In addition to paying damages such as lost wages, employers that lose discrimination cases often have to pay the winning side’s litigation costs. But the same isn’t always true when an employer wins the lawsuit.
Courts are reluctant to make employees pay when they lose, fearing that doing so may dissuade other employees from taking a chance at litigation.
Recent case: When a group of employees with language difficulties had to take a skills test in English, they failed. When they were terminated, they sued, alleging discrimination.
The jury sided with the employer, which then asked the court to order the employees to pay its legal bills.
The court refused, concluding that doing so might have a chilling effect on employee-rights litigation. (Rivera, et al., v. NIBCO, No. 1:99-CV-06443, ED CA, 2010)
Like what you've read? ...Republish it and share great business tips!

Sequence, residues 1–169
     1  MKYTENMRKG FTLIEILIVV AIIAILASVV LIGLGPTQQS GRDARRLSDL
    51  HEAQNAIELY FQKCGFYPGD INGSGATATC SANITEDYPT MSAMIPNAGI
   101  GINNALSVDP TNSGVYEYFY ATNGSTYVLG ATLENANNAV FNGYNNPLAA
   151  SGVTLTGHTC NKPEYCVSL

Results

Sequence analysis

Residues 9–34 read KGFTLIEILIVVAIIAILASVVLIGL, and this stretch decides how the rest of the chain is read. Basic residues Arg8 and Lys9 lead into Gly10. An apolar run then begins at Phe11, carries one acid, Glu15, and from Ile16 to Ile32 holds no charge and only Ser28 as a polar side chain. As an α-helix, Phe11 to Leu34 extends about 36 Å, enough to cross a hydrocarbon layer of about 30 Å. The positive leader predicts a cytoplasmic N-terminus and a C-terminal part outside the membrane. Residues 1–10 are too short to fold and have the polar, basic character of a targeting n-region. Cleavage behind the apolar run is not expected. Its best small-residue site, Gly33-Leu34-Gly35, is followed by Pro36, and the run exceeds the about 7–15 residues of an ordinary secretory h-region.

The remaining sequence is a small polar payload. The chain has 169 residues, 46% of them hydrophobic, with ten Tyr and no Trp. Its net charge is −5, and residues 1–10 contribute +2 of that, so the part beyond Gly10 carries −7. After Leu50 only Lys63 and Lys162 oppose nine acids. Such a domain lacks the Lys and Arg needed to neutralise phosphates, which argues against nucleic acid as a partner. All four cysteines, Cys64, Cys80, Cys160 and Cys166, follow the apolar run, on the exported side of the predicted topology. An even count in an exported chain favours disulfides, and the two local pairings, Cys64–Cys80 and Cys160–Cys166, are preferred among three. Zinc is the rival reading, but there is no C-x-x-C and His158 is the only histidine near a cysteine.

Attention: Readers, Publishers, Editors, Bloggers, Media, Webmasters and more...
We believe great content should be read and passed around. After all, knowledge IS power. And good business can become great with the right information at their fingertips. If you'd like to share any of the insightful articles on BusinessManagementDaily.com, you may republish or syndicate it without charge.
The only thing we ask is that you keep the article exactly as it was written and formatted. You also need to include an attribution statement and link to the article.
" This information is proudly provided by Business Management Daily.com: http://www.businessmanagementdaily.com/11604/you-won-just-dont-count-on-losers-paying-your-legal-costs "
- Don't use nepotism policy as smoke screen for bias
- Small age difference may support age bias claim
- Use proactive process to stop little digs from adding up to hostile environment
- Make it easy for courts to see your side--investigate thoroughly before disciplining
- Warn bosses: No religious harassment at work